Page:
Early on the morning of 16 October 1946, Wilhelm Keitel walked up 13 steps of the scaffold, had the rope adjusted around his neck, and dropped 6 feet through the trap door. The Nuremburg Court’s verdict of death by hanging was carried out on one of the major architects and perpetrators of the Nazi war machine.
Today, we tend to see World War II through the lens of the History Channel framed by the events of Pearl Harbor, D-Day, and the Holocaust. Rarely do we dig below the surface and become exposed to the sheer brutality, horrors, and inhuman behavior of the Nazi regime and its criminals (yes, these were criminals, thugs, lowlife, misfits, and degenerates). Researching my new book (Where Did They Put theGestapo Headquarters? A Walking Tour of Nazi Occupied Paris) has brought many of these barbaric events and behaviors to my attention. I have trouble comprehending so many horrific stories as I scratch the surface. One of these stories is Nacht und Nebel.Read More Night and Fog
It takes a special event to pull Sandy and myself away from the television when the British Open takes over our weekend. Yet, it happened this year. Right in the middle of the Open on Sunday, we spent over four hours watching a 1971 Oscar® nominated documentary film.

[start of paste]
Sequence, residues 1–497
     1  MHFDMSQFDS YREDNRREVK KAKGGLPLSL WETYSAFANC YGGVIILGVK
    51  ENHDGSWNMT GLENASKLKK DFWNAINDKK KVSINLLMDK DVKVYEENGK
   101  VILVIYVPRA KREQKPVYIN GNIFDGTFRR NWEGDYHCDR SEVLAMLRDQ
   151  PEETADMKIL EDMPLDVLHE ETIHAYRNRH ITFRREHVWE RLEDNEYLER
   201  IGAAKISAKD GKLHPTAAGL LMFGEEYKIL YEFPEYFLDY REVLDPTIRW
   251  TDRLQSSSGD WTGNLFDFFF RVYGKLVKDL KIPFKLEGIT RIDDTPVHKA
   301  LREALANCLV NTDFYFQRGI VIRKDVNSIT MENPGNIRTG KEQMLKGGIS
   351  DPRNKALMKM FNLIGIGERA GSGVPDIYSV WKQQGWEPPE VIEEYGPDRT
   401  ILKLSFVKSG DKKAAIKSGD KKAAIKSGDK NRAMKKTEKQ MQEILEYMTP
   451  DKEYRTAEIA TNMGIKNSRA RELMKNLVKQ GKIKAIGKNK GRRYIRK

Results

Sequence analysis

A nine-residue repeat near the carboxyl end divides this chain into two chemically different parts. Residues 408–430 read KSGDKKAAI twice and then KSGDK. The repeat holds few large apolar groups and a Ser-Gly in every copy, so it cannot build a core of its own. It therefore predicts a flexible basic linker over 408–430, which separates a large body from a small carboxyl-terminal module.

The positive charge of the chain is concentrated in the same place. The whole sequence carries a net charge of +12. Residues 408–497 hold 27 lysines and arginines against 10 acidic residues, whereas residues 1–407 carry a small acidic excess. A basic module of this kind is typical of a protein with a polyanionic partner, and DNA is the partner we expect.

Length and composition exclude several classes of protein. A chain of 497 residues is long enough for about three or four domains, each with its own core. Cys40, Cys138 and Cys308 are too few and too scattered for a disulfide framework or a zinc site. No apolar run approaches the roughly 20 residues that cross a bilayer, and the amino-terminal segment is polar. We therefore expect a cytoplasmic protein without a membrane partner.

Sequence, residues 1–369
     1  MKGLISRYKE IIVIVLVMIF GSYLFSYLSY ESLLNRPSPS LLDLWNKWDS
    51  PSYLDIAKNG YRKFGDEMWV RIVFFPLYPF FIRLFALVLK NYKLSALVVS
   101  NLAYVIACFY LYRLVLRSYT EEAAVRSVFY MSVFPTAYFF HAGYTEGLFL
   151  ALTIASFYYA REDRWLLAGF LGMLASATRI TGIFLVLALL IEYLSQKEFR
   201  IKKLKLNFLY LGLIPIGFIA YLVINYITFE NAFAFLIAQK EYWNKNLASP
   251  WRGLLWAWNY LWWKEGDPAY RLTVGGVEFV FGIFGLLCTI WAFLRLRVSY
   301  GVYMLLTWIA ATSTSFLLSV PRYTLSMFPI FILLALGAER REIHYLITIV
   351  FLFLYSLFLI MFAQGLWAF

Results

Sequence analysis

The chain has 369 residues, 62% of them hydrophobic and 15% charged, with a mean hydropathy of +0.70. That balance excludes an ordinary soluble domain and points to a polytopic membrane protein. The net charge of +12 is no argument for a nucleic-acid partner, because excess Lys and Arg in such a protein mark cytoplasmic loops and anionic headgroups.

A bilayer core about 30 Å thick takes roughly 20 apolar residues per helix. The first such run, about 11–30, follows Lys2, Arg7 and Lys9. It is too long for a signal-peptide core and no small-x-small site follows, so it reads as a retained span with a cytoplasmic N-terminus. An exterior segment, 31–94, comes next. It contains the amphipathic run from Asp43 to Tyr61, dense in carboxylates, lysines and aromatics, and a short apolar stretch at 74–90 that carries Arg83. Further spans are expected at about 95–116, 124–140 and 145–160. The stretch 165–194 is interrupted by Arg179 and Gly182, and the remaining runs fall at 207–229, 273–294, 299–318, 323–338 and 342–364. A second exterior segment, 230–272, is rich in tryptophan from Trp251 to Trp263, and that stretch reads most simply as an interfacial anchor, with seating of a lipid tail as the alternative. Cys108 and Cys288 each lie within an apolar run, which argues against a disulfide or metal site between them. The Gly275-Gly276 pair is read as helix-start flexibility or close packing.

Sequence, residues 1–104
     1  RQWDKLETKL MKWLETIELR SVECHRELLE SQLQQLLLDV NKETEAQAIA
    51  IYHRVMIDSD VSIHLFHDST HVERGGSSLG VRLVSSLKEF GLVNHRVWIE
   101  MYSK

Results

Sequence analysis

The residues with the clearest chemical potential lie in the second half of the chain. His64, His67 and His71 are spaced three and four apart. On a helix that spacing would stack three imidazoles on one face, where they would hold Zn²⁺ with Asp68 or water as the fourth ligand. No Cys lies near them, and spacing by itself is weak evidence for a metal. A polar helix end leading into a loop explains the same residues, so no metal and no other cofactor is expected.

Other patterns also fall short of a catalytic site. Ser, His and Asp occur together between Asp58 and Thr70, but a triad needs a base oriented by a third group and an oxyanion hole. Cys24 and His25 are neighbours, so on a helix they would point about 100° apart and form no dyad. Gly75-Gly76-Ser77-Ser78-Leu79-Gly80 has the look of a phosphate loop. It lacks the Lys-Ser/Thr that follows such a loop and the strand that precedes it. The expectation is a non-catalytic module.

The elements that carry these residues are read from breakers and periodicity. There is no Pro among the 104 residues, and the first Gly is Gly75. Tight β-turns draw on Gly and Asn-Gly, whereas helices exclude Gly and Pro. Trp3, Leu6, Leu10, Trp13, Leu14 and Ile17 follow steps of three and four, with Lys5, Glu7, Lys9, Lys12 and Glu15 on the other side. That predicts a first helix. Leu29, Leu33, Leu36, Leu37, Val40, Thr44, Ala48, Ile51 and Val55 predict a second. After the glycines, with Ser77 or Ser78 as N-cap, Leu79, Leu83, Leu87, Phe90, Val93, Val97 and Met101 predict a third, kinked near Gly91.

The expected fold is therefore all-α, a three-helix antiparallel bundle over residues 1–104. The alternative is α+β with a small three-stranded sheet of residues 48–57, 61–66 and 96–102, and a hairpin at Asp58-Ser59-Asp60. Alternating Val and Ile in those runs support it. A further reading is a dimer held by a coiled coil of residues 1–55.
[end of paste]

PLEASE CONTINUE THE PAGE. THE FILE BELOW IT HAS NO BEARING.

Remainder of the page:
I’m deep into my research for the next book, Where Did They Put the GestapoHeadquarters? A Walking Tour of Nazi Occupied Paris (1940–1944). Right now I’m focusing on the French Resistance, its members, and the foreign agents that supported the resistance movement. As part of the research, I’m “meeting” many brave men and women who were real Résistants—not the ones who put the armband on when it became clear the Allies were close to liberating the country (and Paris) in the summer of 1944. These incredible people were the resistance fighters who knew what the ultimate penalty would be for being captured by the Nazis and turned over to the Gestapo.Read More Sorrow and Pity
Stew takes you on a walking tour of buildings, places, and sites significant to the theme of each of his books. But most importantly, you will learn the intricate stories of the people and places that many other tours do not.
Stewart Ross’ book is full of interesting documents and research, it put you well on the tracks of Marie Antoinette, Danton, Robespierre and many more, whether in Paris or in Versailles, extremely interesting and easy to read!
Raphaelle Crevet | Certified Tour Guide, Paris, France
Mr. Ross brings the streets of Paris to life, making it possible for you to stand on the very spots where the grand and tragic events of the French Revolution took place. If you are looking for more than just the typical tourist experience in Paris, then this book is must reading!